This post has been edited by Nessuno: Apr 5 2012, 08:01


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Engelsstaub
post Apr 5 2012, 15:04
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QUOTE (Nessuno @ Apr 5 2012, 01:59) *
...every time you take a record out of its sleeve, no matter how careful you can be, that's a scratch waiting to happen...


I find that about 1 out of 3 to 4 records I buy new today are already warped and/or have factory machine and handling marks right in the damned grooves. Sometimes I ask myself why I keep buying them.

I don't mind some surface noise and a few snaps every now and then. I don't even mind the seeming pain in the ass that vinyl is compared to CDs. What I do mind is paying more money for a record than the CD and getting a faulty or a defective product. The "limitations" of vinyl and clarity of a CD are of no consequence to me. I just want to collect and enjoy music.

...hard to enjoy music when it's pre-handled carelessly and sold for a premium. (CDs have stayed about the same in price since their inception.)


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krabapple
post Apr 5 2012, 17:55
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QUOTE (Engelsstaub @ Apr 5 2012, 10:04) *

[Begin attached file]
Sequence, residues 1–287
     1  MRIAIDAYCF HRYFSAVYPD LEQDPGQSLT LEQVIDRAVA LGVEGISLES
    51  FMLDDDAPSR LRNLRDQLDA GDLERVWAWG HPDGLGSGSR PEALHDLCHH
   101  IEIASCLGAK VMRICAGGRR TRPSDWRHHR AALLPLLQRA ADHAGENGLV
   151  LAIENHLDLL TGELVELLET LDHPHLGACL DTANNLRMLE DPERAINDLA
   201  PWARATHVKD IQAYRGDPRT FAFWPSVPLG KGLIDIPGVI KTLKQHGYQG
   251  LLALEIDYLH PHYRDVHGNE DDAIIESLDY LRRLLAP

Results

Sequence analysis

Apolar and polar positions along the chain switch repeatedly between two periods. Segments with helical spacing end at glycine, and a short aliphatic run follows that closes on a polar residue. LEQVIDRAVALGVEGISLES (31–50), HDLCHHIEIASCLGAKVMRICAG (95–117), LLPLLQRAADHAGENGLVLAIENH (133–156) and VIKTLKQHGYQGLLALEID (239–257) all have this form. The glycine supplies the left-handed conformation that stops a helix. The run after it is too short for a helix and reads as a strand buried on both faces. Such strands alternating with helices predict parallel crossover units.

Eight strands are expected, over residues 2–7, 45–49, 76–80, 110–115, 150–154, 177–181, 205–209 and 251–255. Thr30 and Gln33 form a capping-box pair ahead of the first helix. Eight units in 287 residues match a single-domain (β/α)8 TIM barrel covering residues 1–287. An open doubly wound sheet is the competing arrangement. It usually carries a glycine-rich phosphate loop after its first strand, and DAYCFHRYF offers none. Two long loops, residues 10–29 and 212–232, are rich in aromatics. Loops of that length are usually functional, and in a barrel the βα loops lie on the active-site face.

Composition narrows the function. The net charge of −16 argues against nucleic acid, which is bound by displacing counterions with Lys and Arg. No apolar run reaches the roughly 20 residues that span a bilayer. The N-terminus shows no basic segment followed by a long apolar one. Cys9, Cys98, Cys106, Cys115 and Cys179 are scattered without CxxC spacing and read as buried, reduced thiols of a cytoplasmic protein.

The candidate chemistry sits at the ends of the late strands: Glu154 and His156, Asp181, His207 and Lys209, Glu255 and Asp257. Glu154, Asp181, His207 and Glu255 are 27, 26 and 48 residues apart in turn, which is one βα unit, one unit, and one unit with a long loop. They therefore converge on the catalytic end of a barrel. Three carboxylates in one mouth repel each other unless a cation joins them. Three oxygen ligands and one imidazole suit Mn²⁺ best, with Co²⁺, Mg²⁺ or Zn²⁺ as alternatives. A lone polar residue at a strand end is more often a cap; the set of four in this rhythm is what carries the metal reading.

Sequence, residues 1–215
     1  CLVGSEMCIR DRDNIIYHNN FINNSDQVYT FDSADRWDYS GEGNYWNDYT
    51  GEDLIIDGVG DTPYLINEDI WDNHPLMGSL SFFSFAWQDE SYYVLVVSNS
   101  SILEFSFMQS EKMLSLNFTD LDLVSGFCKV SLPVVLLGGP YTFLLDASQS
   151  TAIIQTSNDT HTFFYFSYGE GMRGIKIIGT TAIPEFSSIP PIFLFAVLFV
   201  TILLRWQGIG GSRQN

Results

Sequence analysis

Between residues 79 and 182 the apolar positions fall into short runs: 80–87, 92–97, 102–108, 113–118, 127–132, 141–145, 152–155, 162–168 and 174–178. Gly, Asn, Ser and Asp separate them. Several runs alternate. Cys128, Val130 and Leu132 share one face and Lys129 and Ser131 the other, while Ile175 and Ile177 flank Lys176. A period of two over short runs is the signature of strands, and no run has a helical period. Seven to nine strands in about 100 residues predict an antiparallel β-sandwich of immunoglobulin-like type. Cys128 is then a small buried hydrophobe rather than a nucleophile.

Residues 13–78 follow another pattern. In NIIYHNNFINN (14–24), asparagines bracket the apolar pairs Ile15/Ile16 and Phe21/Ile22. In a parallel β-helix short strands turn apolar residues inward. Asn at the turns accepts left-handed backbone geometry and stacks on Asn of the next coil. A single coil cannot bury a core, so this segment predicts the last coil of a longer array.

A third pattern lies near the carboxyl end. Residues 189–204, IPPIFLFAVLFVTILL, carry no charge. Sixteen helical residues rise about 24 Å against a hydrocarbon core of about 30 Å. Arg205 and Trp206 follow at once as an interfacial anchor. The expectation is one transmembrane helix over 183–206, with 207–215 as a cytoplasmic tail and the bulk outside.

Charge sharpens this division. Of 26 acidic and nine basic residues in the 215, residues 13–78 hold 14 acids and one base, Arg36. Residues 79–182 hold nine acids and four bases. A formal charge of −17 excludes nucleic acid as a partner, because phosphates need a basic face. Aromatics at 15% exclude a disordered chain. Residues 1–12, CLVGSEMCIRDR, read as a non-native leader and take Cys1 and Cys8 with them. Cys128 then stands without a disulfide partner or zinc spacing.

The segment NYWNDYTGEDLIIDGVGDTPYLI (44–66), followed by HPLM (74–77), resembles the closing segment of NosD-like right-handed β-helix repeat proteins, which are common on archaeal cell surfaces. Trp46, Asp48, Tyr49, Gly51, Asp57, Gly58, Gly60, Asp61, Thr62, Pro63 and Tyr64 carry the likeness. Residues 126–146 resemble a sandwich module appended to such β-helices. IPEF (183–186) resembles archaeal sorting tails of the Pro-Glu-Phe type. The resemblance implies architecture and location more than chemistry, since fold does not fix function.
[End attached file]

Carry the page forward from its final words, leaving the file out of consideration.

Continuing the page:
I find that about 1 out of 3 to 4 records I buy new today are already warped and/or have factory machine and handling marks right in the damned grooves. Sometimes I ask myself why I keep buying them.


It was ever thus (or at least, it was thus in the 1970s and early 1980s, my prime LP-buying days)

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kraut
post Apr 6 2012, 06:28
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QUOTE
[Having said that, playing vinyl twice inside of a short period of time is bad for the vinyl and you will not get the same signal off the record.


I responded to this specific claim. He claims, he has to supply the proof. Not the other way round.

I never stated anything categorically as he did. I am fully aware that over many playbacks vinyl will gradually deteriorate. That's why I playback records wet and remove the residual moisture after playback.
I again ask - where is his proof other than in his anus?

Any measurements as to heat generation between stylus and vinyl at the contact surface? Any measurements of actual deforming happening at the stylus/vinyl surface interface? Any calculation as to the forces exerted by the stylus impacting the vinyl as to time and surface area involved and the resulting deformations, both permanent and temporarily? All that in the lateral ant horizontal planes please.
Any differences between pivoted and tangential arms, differences between various tracking forces, raking angles VTA etc. Differences between cartridges of various compliance?
As you might have gathered from my question for proof: the categorical statements peddled are nonsense considering the parameters and possible variations involved.

As you point out - your knowledge is public - please demonstrate.

I have read over the years so many conflicting statements and so called research as to the topic of vinyl playback and stylus/medium impact that I doubt there is any conclusive statement to be made.